Did Tiger Woods's Restaurant Destroy Vital Video Evidence?

When investigating a dram shop case, investigators will consider factors like:

  • Was the customer visibly intoxicated?
  • Was the bartender providing free drinks?
  • Was the bartender making the drinks too strong?

As such, video evidence is vital to a case involving bartender liability. This is why The Woods Jupiter, owned by Tiger Woods, is in hot water for allegedly destroying video evidence at play in a lawsuit involving a drunk driving crash.

In this video, attorney Allegra Carpenter explains why destroying evidence is such a big deal.

Video Transcript:

Hi my name is Allegra Carpenter and I've been asked to comment on the current litigation between the Immesberger family and The Woods Jupiter restaurant in Florida that is owned by Tiger Woods. What happened in the underlying litigation is that Mr. Immesberger died after he lost control of his vehicle. He had been drinking for three hours at the Woods Jupiter restaurant and bar where he was also an employee. He'd gotten off his shift and drank for three hours there at the bar, was allowed to get in his car, and ended up dying as and it's a tragic, tragic death. It's devastating to his family. It could have been even worse if he did hit another car or person or a family. So litigation is is correctly exploring whether or not the Woods Jupiter has any role in his death. The lawyer for the plaintiffs has just discovered that the restaurant the very evening of the crash destroyed surveillance video that was available there in the restaurant and then also destroyed it off of their servers.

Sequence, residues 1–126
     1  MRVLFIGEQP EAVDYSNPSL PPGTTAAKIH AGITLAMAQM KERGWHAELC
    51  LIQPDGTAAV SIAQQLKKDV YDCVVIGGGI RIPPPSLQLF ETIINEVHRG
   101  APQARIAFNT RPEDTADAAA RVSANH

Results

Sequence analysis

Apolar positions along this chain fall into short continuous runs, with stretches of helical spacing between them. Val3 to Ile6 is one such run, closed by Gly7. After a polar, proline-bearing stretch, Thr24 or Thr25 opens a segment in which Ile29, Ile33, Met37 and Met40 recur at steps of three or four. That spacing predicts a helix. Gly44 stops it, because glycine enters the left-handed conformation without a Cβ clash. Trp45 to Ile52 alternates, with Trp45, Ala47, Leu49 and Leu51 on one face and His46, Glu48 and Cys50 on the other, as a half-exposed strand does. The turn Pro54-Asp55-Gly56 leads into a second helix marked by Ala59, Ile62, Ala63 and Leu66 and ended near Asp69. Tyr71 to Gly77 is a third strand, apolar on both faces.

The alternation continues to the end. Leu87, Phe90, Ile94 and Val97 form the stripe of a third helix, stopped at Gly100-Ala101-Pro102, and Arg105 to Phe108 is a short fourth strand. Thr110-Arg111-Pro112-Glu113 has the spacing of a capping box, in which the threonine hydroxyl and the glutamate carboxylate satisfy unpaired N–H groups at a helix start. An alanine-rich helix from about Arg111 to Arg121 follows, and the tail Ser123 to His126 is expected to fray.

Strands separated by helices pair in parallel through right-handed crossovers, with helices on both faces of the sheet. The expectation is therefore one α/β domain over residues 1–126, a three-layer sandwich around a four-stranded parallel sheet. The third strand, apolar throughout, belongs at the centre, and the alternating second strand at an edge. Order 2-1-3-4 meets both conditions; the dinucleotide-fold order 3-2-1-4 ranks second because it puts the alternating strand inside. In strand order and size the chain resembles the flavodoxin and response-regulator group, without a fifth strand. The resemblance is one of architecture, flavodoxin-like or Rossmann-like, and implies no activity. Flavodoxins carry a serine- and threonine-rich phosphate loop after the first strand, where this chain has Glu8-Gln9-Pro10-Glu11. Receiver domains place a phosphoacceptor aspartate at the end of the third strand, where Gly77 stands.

This is a shocking development and really at odds with the aims of the law which is to discover the truth. That video could have shown how much he was drinking, whether he was being offered free drinks as opposed to having to pay for his drinks, how strong they were, if anyone was discouraging him from drinking or encouraging him to drink, and if anyone took any effort whatsoever to prevent him from getting in a car. That was highly relevant information. The law does not tolerate people destroying evidence and so not only was it immoral for the restaurant to do that, if that's what happened, it should open up a world of sanctions for the plaintiffs attorneys and and for the family to come in and get not only broader discovery against the restaurant, but to get sanctions or perhaps or an inference that the destruction of the evidence reflects the liability of the restaurant. And so the takeaway here for everybody is not only is destroying evidence the wrong thing to do, but it's counterproductive and just shouldn't do it.

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